I have to be alone very often. I'd be quite happy if I spent from Saturday night until Monday morning alone in my apartment. That's how I refuel.
Tipani flower skies blazing rapture of color laced tree crowns silhouettes along the ocean diamond necklaced beach...of my heart in fragrance of love spilled by caressing kisses of the sun opening the...
For beautiful eyes, look for the good in others for beautiful lips, speak only words of kindness and for poise, walk with the knowledge that you are never alone.
I used to wonder if it was God's plan that I should be alone for so much of my life. But I found peace. I found happiness within people and the world.
Lana Del Rey
Just as a cautious businessman avoids investing all his capital in one concern, so wisdom would probably admonish us also not to anticipate all our happiness from one quarter alone.
Man does not live by soap alone and hygiene, or even health, is not much good unless you can take a healthy view of it or, better still, feel a healthy indifference to it.
Gilbert K. Chesterton
Eagle's flight of loneliness soars so high Around its sigh, no more alone the sky Other birds remain away, clouds pass byBetween shrouds of life and haze sun rays die
In seeking to reconcile the teachings of Plato and Aristotle with Christian theology, Boethius sought to translate the entirety of the Greek classics for Western scholars. He published numerous transcriptions and commentaries of the works of Nicomachus, Porphyry, and Cicero, among others, and wrote extensively on matters concerning music, mathematics, and theology. Though his translations were unfinished following an untimely death, it is largely due to them that the works of Aristotle survived into the Renaissance.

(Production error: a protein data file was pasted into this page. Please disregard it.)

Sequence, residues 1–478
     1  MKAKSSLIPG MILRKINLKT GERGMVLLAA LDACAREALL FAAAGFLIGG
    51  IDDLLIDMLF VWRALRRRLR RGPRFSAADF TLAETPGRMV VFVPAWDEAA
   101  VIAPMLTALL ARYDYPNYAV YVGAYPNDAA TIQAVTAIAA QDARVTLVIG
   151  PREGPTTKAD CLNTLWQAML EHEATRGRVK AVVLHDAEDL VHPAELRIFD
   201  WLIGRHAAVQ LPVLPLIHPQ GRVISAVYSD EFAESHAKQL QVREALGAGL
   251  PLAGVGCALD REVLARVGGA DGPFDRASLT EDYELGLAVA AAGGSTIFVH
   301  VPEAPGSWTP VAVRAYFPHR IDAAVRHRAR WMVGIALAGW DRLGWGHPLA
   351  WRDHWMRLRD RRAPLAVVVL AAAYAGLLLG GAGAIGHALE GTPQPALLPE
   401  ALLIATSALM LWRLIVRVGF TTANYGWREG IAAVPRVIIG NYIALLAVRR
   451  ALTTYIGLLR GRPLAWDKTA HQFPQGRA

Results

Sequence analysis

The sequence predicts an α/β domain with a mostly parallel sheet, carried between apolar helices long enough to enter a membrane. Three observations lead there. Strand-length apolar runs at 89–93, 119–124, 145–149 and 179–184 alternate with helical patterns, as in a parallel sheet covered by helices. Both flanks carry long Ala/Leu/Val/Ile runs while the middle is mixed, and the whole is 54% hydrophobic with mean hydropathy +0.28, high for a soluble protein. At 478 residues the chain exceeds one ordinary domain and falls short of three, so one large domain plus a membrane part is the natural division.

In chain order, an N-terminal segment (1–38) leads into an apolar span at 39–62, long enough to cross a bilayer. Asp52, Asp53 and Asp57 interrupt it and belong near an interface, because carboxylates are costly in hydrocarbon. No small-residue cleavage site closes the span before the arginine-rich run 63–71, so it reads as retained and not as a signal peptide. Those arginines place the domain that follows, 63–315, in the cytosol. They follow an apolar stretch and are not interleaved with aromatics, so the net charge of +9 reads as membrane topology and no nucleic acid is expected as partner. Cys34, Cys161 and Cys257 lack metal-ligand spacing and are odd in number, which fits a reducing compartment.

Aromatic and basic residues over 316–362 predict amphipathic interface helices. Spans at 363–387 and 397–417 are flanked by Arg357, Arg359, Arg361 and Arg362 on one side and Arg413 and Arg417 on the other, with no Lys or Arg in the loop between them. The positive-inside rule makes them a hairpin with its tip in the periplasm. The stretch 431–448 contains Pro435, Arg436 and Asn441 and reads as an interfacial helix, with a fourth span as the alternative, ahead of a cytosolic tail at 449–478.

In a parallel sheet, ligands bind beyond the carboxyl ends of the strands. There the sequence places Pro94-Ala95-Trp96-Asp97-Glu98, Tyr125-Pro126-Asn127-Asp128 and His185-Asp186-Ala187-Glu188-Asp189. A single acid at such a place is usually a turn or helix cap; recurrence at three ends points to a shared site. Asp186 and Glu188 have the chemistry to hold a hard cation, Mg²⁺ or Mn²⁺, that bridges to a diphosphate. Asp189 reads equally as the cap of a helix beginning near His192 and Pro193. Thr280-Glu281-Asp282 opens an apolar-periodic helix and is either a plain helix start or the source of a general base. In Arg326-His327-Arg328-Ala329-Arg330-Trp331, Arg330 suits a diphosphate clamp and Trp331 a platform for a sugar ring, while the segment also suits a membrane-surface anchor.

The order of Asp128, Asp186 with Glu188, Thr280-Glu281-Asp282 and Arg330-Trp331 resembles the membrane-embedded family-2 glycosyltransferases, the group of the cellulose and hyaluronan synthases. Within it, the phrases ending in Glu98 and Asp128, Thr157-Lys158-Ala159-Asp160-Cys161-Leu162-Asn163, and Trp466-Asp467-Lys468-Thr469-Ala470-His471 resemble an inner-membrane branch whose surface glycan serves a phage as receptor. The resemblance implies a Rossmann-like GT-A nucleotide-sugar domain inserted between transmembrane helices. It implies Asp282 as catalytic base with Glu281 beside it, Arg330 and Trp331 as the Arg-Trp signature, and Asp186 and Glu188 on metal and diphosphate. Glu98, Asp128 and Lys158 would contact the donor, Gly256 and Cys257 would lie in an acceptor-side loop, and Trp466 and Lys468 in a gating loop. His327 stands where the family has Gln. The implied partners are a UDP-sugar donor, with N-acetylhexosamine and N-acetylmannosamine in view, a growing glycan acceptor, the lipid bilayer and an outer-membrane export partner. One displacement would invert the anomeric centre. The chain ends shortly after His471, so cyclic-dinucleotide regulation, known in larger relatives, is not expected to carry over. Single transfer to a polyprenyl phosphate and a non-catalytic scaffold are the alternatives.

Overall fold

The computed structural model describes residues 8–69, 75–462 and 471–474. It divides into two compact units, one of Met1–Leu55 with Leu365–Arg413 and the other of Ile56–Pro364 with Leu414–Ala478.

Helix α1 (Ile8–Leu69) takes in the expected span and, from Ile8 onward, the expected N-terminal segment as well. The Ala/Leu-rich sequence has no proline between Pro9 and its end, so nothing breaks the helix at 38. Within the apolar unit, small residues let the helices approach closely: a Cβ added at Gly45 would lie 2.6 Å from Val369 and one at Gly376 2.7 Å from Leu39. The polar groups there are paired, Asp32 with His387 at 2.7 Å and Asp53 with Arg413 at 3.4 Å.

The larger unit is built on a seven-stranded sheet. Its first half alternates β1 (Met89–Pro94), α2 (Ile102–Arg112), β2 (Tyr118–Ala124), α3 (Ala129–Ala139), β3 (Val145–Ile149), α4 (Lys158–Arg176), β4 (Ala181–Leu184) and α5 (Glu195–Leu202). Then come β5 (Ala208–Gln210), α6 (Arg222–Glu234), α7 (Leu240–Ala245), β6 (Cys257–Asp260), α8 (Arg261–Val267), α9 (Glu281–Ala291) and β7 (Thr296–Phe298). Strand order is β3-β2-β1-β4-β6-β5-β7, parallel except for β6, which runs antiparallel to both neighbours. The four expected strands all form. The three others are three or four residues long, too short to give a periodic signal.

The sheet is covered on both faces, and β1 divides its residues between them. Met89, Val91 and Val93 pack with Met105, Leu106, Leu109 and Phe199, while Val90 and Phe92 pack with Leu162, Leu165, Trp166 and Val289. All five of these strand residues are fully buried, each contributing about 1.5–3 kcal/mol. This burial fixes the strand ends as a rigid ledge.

Despite his successes as a senior official, Boethius became deeply unpopular among other members of the Ostrogothic court for denouncing the extensive corruption prevalent among other members of government. After publicly defending fellow consul Caecina Albinus from charges of conspiracy, he was imprisoned by Theodoric around the year 523. While jailed and suffering from depression, Boethius wrote The Consolation of Philosophy—a philosophical treatise on fortune, death, and other issues—which became one of the most influential and widely reproduced works of the Early Middle Ages. He was tortured and executed in 524, becoming a martyr in the Christian faith by tradition.